The Derby winner's Alaska ties are twofold

MINE THAT BIRD: Horse's sire lives on a farm managed by Anchorage man.

May 9, 2009 

LEXINGTON, Ky. -- As horse racing's spotlight continues to shine on the Kentucky Derby's long-shot wonder horse, it is casting a light on another horse with Alaska ties.

And thanks to Mine That Bird's improbable victory last Saturday at Churchill Downs, the attention has been flattering. For a change.

While Mine That Bird has been basking in popularity since defying 50-to-1 odds to win the Derby, his sire, Birdstone, is best remembered for spoiling everyone's fun at the 2004 Belmont Stakes when he beat Smarty Jones and denied horse racing of its first Triple Crown winner since 1978.

"He was the villain," says Michael Hernon of Gainesway Farm, where Birdstone now lives.

Now he's been vindicated -- much to the delight of John Hendrickson, the Anchorage man who manages Gainesaway and is married to Birdstone owner Marylou Whitney, the famous socialite who counts Alaska as one of her favorite spots.

"It's very humbling," Hendrickson said. "People knocked him. People kept on doubting him. People said he's too tiny, not good looking. He's tiny, but mighty."

The same is being said about Mine That Bird, whose tie to Alaska is owner Mark Allen, who in turn has ties to the federal corruption case that has taken down several Alaska politicians. Allen's father, former Veco chief Bill Allen, pleaded guilty in 2007 to bribing Alaska politicians, but in a plea deal won immunity for his son. Bill Allen has testified that his son paid off an unidentified legislator.

For Whitney, who was overcome with tearful excitement when Mine That Bird pulled off the upset, the Derby victory was affirmation that she was right all along about her stallion's progeny.

"It was the most exciting moment in my life," Whitney said. "I don't think people believed in Birdstone like I did."

They do now. And as Hernon, the director of sales at Gainesway, eagerly points out to any owner of a mare determined to set up a mating: "This is not a one-hit wonder."

Derby weekend alone verifies that. Of the 19 Derby starters, two came from Birdstone's first crop -- including Summer Bird, who finished sixth. He also produced Stone Legacy, the distant runner-up to Rachel Alexandra in the Kentucky Oaks.

Since the Derby, Gainesway has been flooded with calls to make a breeding appointment with Birdstone. Whitney has no immediate plans to raise his $10,000 stud fee, even though she knows she could get much more.

Smarty Jones, for example, got $100,000 for his first crop, and Smarty Jones is no Birdstone. At the 2004 Belmont Stakes. Smarty Jones appeared seconds away from ending racing's long drought without a Triple Crown. Then, in a burst of late speed came the compact but muscular Birdstone, and history was foiled again.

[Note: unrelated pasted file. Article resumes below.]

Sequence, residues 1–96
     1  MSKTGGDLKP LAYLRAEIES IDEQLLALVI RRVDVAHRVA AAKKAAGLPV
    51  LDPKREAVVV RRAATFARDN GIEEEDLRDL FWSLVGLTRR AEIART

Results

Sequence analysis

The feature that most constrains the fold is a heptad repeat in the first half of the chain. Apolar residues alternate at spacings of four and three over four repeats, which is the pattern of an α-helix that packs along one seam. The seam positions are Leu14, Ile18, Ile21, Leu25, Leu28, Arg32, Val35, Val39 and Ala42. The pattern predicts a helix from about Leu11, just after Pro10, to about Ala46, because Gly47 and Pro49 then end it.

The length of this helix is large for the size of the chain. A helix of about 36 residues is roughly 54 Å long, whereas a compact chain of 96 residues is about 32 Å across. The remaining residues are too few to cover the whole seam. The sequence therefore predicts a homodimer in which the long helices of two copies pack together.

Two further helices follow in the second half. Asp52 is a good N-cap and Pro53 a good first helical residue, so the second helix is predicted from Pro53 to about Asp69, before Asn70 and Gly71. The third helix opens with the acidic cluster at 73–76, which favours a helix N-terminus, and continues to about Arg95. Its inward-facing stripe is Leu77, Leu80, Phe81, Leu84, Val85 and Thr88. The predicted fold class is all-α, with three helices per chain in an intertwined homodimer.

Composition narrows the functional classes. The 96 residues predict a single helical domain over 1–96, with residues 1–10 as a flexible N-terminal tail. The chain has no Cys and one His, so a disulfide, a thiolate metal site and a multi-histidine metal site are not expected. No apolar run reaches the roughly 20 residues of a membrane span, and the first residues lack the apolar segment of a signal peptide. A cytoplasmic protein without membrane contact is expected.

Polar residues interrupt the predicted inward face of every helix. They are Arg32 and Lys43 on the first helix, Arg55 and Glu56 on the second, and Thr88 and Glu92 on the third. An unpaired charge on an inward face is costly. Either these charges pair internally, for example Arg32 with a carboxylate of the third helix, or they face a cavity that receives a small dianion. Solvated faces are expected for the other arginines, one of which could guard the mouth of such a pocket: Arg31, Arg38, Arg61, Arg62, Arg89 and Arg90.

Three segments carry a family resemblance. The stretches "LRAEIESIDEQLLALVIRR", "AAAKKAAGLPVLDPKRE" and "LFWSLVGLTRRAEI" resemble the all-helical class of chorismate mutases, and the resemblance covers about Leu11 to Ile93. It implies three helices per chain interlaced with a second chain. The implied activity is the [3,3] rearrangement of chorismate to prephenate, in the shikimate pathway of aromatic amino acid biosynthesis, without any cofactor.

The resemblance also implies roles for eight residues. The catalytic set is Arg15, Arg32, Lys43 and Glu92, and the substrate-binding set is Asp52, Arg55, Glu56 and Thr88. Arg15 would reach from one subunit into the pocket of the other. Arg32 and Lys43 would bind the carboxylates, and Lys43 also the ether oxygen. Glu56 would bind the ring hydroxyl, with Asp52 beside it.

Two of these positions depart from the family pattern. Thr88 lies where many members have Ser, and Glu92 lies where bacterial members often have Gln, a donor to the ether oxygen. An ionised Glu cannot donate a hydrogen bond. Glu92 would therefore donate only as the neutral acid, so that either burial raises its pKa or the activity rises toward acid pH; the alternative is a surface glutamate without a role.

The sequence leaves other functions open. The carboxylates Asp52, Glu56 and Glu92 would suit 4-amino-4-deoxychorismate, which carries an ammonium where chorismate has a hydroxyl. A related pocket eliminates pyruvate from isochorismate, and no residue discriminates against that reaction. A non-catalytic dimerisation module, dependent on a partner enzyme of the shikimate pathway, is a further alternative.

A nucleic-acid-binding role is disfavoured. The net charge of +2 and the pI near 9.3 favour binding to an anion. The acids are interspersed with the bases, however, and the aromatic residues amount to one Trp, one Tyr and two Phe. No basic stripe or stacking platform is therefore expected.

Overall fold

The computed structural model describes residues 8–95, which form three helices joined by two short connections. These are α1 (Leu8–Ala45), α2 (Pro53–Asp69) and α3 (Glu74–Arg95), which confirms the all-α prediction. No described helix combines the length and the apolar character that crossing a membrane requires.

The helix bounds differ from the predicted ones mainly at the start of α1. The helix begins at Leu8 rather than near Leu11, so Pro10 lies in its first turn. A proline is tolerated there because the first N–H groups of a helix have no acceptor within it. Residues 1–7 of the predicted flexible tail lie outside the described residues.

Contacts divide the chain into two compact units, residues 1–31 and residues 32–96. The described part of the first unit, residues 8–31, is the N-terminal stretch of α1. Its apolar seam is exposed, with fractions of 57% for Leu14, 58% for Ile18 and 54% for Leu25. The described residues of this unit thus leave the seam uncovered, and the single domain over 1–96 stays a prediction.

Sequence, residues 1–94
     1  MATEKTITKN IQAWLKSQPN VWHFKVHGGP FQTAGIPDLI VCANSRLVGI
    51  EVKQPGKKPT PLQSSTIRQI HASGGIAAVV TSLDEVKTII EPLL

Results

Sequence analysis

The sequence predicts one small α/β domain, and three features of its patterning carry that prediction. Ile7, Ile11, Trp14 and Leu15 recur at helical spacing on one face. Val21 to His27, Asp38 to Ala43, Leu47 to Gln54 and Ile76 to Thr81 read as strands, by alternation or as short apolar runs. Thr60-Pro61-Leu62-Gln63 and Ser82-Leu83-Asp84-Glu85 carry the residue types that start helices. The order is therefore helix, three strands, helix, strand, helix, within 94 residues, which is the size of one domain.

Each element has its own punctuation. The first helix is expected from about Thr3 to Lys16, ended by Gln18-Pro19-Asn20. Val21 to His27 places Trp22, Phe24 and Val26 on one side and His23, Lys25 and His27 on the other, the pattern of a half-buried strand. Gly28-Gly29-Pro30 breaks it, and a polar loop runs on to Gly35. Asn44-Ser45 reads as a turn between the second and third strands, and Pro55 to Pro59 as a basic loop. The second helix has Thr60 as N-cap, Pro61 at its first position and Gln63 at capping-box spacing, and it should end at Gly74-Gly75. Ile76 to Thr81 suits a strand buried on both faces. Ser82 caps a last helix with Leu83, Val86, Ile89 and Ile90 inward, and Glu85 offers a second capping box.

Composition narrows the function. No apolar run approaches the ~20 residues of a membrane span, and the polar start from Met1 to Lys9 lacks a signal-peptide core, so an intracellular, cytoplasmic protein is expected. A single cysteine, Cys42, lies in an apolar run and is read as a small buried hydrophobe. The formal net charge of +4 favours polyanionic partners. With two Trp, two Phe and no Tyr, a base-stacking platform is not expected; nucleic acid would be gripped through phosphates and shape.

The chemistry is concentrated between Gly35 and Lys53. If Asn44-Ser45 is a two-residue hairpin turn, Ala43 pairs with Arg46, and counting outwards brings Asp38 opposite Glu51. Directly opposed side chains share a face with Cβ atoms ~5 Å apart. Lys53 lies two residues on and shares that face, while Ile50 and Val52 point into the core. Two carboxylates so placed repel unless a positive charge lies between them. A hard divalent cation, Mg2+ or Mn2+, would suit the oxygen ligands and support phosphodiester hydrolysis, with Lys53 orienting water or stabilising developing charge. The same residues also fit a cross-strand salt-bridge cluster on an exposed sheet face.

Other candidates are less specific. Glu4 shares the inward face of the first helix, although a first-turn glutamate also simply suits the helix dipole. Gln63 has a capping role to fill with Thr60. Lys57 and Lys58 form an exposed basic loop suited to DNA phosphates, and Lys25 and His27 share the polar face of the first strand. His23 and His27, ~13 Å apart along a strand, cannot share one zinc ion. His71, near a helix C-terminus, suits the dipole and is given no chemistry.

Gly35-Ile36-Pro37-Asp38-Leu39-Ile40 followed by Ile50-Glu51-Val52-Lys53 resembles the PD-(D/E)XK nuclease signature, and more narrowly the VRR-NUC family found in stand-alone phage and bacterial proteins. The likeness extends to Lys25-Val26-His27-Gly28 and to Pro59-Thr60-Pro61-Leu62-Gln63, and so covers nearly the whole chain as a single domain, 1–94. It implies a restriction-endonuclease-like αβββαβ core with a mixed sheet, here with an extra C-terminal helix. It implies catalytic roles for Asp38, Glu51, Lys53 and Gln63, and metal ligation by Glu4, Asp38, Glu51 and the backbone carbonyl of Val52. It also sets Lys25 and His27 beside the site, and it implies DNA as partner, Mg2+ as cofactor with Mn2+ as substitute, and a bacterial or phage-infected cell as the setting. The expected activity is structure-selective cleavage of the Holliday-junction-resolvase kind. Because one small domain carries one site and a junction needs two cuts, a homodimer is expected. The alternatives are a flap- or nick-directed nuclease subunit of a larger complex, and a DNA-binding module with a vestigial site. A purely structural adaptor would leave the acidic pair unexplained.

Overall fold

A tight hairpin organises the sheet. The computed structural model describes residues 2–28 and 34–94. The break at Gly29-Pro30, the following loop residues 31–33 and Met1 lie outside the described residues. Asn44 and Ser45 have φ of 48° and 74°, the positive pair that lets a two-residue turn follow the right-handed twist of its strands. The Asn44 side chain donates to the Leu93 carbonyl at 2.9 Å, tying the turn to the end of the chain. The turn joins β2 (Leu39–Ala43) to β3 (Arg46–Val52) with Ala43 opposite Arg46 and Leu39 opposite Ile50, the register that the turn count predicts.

It was Birdstone's most momentous day on the track, yet it came as most of the country was pulling against him.

Five years later, Mine That Bird -- another small horse that seemingly came out of nowhere -- made a daring move along the rail under jockey Calvin Borel for one of the biggest upsets in history.

Birdstone had about 80 breeding appointments scheduled this year prior to the Derby and now that total is at 110 and rising, Hernon said. As for the stallion himself, Whitney insists he is not for sale.

Her family has been in the horse breeding business for four generations, once owning the land where Gainesway now sits.

However, it has been all mares since she and Hendrickson took over. The one exception was Birdstone, who was retired from the track and became a stallion in 2005 when a bone chip was detected in his ankle. Whitney was so attached to him, she couldn't let him go.

She is like that with all her favorites. Her late-husband, Cornelius Vanderbilt "Sonny" Whitney, sold off the entire family line of horses in the late 1980s and told his wife he wanted her to find another line of work.

"I said, 'Please, I love these mares,' " Whitney said.

And so, after Sonny Whitney died in 1992 and especially after Marylou Whitney married Hendrickson in 1997, Marylou went to work buying them all back.

Some were hard to find, hidden in private sales, but they all had meaning. Among them was Dear Birdie, who would become broodmare of the year, and it was her mating with 1996 Kentucky Derby winner Grindstone that produced Birdstone.

Birdstone still isn't the most sought-after stallion at Gainesway, where the likes of breeding stars Afleet Alex, Mr. Greeley and Tapit also live.

But he's the most efficient. Veterinarian Rocky Mason says 74 percent of Birdstone's breeding sessions results in a conception -- the highest in the farm's roster of stallions. The industry average is around 50 percent, Mason said.

As a gelding, Mine That Bird can't follow Birdstone to the breeding shed. That's OK with Whitney and Hendrickson, who consider his Derby triumph a tribute to their stallion. At midnight after the Derby, they left a dozen roses at Birdstone's stall to salute him for the accomplishment.

In all the years his wife has been around horses, this is truly her proudest moment, Hendrickson said.

"She got her lottery ticket, and she won," he said.

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